Winnebago Reveals Second-Generation Electric Camper Van Prototype
The eRV2 is Even More Environmentally Friendly Than its Predecessor
At last year’s Florida RV SuperShow in Tampa, Winnebago made headlines by unveiling its first all-electric camper van. Now, almost exactly one year later, the company is back with a second-generation model that is even more environmentally friendly than the original. And while this new model remains a prototype for now, it is inching closer to becoming a vehicle that RVers can actually buy.
Dubbed the eRV2, the next-generation electric vehicle rides on the Ford Transit Van platform. It is powered by a proprietary battery bank called IonBlade, which Winnebago developed in conjunction with Lithionics Battery. The system can store more than 15,000 watt-hours of electricity and comes with factory-installed 900-watt solar panels. This gives the vehicle—which supports DC fast-charging—a range of roughly 108 miles on a single charge. Those same power cells feature a thin and flat design that allows them to store neatly under the floor of the van without impacting interior space.
The camper van’s living space took inspiration from both Japanese and Scandinavian design elements. It has a clean and open look, along with multifunctional furnishings that facilitate work, rest, and play. It has a five-in-one sleep/lounge area and two independent, adaptable workspaces with charging ports. Digital nomads will also appreciate the eRV2’s built-in high-speed Wi-Fi router, which can keep travelers connected to the internet wherever they roam.
In addition to its no-emissions electric drive system, the eRV2 has a number of other eco-friendly features to help minimize its impact on the planet. Those include cab seat coverings made from renewable plant-based materials and biodegradable acrylic countertops. Additionally, recycled materials are featured prominently in the van’s flooring, window frames, floor mats, and mattress. It even comes with interior lighting that shifts from white to red. This reduces the amount of light pollution generated at the campsite, limiting the impact on plants and animals.
“Our primary goal in building the eRV2 was to help people comfortably explore the world around them with less environmental impact,” said Winnebago president Huw Bower in a press release. “The eRV2 embodies our pioneering legacy, representing not only an achievement in design, innovation and sustainability, but also our commitment to continuously evolve with the changing needs of consumers and the world we share.”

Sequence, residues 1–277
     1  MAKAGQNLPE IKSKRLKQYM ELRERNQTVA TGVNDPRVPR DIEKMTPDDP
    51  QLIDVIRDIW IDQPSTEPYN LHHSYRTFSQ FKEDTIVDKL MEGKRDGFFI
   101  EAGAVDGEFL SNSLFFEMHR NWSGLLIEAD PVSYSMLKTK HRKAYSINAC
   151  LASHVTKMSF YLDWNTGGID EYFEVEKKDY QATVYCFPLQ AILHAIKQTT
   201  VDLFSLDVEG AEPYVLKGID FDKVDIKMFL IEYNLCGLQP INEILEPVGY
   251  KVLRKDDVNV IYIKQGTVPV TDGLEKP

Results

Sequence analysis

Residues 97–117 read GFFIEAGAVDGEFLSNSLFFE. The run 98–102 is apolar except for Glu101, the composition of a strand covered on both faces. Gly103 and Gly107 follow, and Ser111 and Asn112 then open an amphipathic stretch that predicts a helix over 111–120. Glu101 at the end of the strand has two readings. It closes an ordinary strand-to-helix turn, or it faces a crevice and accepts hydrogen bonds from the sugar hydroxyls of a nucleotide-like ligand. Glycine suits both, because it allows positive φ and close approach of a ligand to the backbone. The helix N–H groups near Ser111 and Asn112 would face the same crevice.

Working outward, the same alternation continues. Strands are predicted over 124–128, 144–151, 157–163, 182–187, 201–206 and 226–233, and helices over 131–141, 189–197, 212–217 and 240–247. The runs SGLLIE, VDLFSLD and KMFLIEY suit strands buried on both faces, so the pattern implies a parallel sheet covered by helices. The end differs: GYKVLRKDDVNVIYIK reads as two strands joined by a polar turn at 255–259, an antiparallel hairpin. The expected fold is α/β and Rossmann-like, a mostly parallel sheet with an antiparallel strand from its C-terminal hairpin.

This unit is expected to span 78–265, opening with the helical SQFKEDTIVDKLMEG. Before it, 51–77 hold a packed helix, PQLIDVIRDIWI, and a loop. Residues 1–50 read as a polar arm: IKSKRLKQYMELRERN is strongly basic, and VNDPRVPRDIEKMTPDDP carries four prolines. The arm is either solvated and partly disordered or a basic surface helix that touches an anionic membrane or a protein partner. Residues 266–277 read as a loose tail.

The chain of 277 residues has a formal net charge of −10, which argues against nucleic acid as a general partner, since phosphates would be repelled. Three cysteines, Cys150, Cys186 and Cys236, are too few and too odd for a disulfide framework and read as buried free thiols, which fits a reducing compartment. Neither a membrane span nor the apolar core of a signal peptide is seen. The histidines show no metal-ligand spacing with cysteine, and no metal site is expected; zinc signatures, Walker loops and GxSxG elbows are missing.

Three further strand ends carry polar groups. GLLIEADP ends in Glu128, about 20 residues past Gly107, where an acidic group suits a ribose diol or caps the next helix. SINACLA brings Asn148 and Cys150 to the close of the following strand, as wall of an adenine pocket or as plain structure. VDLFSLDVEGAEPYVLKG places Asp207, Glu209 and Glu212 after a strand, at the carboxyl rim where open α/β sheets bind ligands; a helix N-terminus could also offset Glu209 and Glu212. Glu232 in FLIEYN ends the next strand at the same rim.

Compared to the original e-RV from 2022, the new model has received some substantial upgrades. For instance, this year’s version comes with more powerful electric motors that produce 266 horsepower. It also has a 48-volt air conditioning system that is 30% more efficient than traditional units, saving battery life while camping off grid. The eRV2 is also equipped with an electric induction stove and a compressor-driven refrigerator, both of which draw power from the van’s batteries. Its fresh and gray water tanks got an upgrade, too, and are now 30 and 24 gallons in size, respectively.
Part of the process for designing the eRV2 was learning more about what consumers are looking for in an electric camper van. To accomplish that, Winnebago conducted a study that involved more than 1,200 people who shared their thoughts on the future of EVs for travel and camping. That research indicated that potential owners are looking for superior vehicle performance, outstanding driver assist technology and potential cost savings from reduced maintenance and gas. The study also revealed that many consumers are looking for a vehicle they can comfortably drive for three hours before taking a break to recharge its batteries.
While Winnebago says that most RVers tend to stay within a three-hour drive from home, the range of the eRV2 remains somewhat of a concern. At 108 miles, drivers would need to stop to charge every 1.5-2 hours—a process that takes at least 45 minutes and most likely longer. That isn’t optimal for most travelers, but thankfully the company says its exploring new technologies that will extend the range of future iterations of the camper van.
Despite having another year to evolve and mature, the eRV2 isn’t quite ready to go into production just yet. Winnebago recognizes that there is pent-up demand for an electric camper, but it won’t commit to a commercial launch date until the vehicle fully adheres to its high standards. The company promises further updates on the van later this year, so for now, we’ll all just have to stay patient.
Attendees at the Florida RV SuperShow can check out the eRV2 at the Winnebago booth (#760) on the show floor. There, you’ll also be able to sign up for a 15-minute test drive or visit the Winnebago website for more information.